Despite lack of originality, Drowners debut album is catchy

Despite the monotony of another British post-punk record, there is something charming in the energy of this album that allows it to be countlessly repeated.

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Drowners press image

The Drowner's debut album borrows heavily from early Britpop.

After dominating the local scene in New York City, and creating a national fanbase with their previously released E.P. and single, The Drowners have released their jumpy debut record–one of the most promising of its kind for years. After only being on the market for a few weeks, this self-titled and well-cut pop record has received impressively high praise and recognition from around the country.

Upon moving to New York City in 2011 to pursue his modeling career, Welsh-born singer Matthew Hitt recruited three other musicians and immediately began the process of writing the songs that would become this jewel of a debut album. His U.K. nationality without a doubt is a lucky advantage, legitimizing their almost entirely British sound.

The newly-found band expanded their fanbase rapidly as they began to tour, supporting several English bands, their most obvious influence, placing them alongside the The Arctic Monkeys, The Vaccines and Foals in the post-Libertines generation of jumpy, punk-influenced British pop music.

The Drowners plow through these punchy songs (most of which barely hit the two-minute mark) like a well-oiled machine, reflecting the energy of their fast-paced hometown. Beginning each song with a hooky guitar riff, the American members of the band show-off their U.S. influences by nodding to East Coast punk bands like The Bouncing Souls and The Menzingers. This record also falls victim to the redundant yet charmingly British habit of using chord progressions unchanged since the 60s with a “well, it worked for the Beatles!” mentality.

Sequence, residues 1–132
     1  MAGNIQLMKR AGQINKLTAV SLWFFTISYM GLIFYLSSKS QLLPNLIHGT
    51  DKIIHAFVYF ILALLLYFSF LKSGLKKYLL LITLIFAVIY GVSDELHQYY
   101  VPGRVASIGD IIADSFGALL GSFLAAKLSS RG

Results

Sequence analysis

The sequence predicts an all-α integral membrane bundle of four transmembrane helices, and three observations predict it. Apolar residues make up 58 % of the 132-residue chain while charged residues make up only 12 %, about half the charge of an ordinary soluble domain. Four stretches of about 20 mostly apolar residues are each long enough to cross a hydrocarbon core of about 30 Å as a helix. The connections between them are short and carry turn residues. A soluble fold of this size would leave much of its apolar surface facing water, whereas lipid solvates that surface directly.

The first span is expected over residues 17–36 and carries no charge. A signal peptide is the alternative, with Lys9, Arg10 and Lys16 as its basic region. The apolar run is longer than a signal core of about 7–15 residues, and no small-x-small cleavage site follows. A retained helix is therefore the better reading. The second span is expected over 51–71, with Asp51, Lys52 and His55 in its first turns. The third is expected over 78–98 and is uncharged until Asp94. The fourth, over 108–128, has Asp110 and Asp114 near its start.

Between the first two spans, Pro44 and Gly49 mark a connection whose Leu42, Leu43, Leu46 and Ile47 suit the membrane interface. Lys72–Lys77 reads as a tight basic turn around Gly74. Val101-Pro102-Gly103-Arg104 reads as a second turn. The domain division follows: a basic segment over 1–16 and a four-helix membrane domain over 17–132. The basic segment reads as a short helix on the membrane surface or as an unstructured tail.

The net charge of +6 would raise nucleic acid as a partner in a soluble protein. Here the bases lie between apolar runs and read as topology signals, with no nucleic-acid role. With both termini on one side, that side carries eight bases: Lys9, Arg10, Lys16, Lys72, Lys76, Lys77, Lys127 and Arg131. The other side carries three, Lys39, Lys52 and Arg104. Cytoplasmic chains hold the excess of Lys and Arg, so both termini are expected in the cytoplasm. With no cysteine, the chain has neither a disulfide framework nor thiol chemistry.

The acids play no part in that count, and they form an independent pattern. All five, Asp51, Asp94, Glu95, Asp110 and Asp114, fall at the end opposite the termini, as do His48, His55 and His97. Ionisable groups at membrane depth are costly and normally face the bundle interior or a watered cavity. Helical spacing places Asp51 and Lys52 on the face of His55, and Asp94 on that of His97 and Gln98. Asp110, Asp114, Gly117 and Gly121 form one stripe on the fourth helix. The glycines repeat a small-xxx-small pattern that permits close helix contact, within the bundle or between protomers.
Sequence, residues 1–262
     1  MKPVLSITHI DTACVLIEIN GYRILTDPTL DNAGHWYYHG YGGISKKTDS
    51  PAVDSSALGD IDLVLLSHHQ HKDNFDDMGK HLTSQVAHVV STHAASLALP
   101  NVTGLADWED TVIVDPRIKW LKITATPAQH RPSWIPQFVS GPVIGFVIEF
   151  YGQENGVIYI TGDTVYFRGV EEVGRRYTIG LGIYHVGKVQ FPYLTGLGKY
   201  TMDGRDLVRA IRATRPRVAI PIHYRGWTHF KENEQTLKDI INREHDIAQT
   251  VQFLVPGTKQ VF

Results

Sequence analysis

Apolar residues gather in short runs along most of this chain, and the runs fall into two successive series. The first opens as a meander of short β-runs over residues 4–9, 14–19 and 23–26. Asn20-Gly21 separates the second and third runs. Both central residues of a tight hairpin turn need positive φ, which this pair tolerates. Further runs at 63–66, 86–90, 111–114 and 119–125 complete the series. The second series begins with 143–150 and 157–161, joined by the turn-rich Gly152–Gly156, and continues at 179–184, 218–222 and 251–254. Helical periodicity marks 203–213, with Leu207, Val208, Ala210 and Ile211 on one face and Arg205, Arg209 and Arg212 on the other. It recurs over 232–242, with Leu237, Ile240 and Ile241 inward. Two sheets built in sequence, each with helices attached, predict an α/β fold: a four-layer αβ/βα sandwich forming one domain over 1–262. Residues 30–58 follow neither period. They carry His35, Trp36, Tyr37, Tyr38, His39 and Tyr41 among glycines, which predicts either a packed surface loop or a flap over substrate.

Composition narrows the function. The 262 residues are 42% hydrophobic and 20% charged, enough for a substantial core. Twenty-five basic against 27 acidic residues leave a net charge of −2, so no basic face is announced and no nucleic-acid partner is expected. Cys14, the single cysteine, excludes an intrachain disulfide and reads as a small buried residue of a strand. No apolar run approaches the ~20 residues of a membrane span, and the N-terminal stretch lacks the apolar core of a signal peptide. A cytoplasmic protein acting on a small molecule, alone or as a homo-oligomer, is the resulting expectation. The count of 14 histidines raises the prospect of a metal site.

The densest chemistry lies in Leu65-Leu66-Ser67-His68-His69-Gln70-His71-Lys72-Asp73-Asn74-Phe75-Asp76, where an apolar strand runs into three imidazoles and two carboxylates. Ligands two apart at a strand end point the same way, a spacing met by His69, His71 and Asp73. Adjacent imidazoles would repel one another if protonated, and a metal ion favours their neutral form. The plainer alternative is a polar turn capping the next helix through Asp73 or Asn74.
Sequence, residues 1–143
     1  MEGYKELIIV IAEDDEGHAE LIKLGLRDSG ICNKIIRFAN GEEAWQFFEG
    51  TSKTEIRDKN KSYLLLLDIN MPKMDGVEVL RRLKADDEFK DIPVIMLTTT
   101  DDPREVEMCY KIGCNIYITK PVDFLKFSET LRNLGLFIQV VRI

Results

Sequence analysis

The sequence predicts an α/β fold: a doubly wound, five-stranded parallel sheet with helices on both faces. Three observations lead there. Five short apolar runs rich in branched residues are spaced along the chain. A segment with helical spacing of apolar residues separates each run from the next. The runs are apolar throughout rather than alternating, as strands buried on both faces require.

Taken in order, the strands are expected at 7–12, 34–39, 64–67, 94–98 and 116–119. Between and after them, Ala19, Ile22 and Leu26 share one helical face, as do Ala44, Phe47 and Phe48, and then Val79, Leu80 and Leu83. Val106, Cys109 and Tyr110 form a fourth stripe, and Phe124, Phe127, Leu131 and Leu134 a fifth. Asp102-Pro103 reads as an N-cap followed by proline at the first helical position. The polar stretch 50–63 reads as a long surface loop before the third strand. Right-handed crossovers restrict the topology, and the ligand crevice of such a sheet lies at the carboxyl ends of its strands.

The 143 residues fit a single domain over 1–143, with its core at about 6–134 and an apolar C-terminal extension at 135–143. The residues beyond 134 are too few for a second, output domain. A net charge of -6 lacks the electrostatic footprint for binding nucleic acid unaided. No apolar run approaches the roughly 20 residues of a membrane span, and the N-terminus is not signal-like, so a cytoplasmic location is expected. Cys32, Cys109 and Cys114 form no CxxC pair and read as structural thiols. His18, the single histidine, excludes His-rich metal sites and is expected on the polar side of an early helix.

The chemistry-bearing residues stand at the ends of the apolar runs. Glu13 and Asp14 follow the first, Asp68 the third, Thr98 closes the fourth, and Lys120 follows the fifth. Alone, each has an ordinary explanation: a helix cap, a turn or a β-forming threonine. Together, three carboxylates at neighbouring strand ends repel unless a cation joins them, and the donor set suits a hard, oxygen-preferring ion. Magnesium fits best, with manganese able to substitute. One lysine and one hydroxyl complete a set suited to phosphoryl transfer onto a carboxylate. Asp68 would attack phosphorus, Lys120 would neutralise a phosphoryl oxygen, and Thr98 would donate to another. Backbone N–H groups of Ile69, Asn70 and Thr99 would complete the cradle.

Frenchkiss Records

All of this creates a rather unoriginal sound and without a doubt this record will not go without the they’re-your-typical-english-band-and-they’re-not-even-British-anyways complaints from Britpop enthusiasts. However, the way this record encompasses the entire history of British pop music, from The Beatles to The Smiths to The Libertines, creates a thoroughly enduring collection of songs.

With clever Smiths-esque lyrics sung with a smirk, and layered yet raw electric guitar, tracks like “Let Me Finish”, show-off the best of their post-punk predecessors (The Smiths, The Libertines, Joy Division, etc.) who initially popularized their style of gritty angst.

Fan-favorite and single, “Long Hair,” was written in the obvious format, with a dry verse and pre-chorus filling the space between energetic choruses. Despite the monotony of another British post-punk single, there is something charming in the energy of this track that allows it to be countlessly repeated.

Lyrically, the album is as humorous and silly as it is tragic. Hitt borrows Britpop god Morrissey’s concept of writing androgynous lyrics from the standpoint of both the sexes. This adds a fun and sometimes harrowing twist to the upbeat record. In the acoustic finale, “You Keep Showing Up,” Hitt says he was once a “different girl.”

Every so often, the world is graced by the formation of a band, that despite the lack any extraordinary talent, the members collide and create perfection. Without regard to their originality, Drowners works. Their debut, self-titled record, is one of the most hopeful of the decade, and despite almost the entire aesthetic of the band being borrowed and unoriginal, it proves itself as a fun and successful record.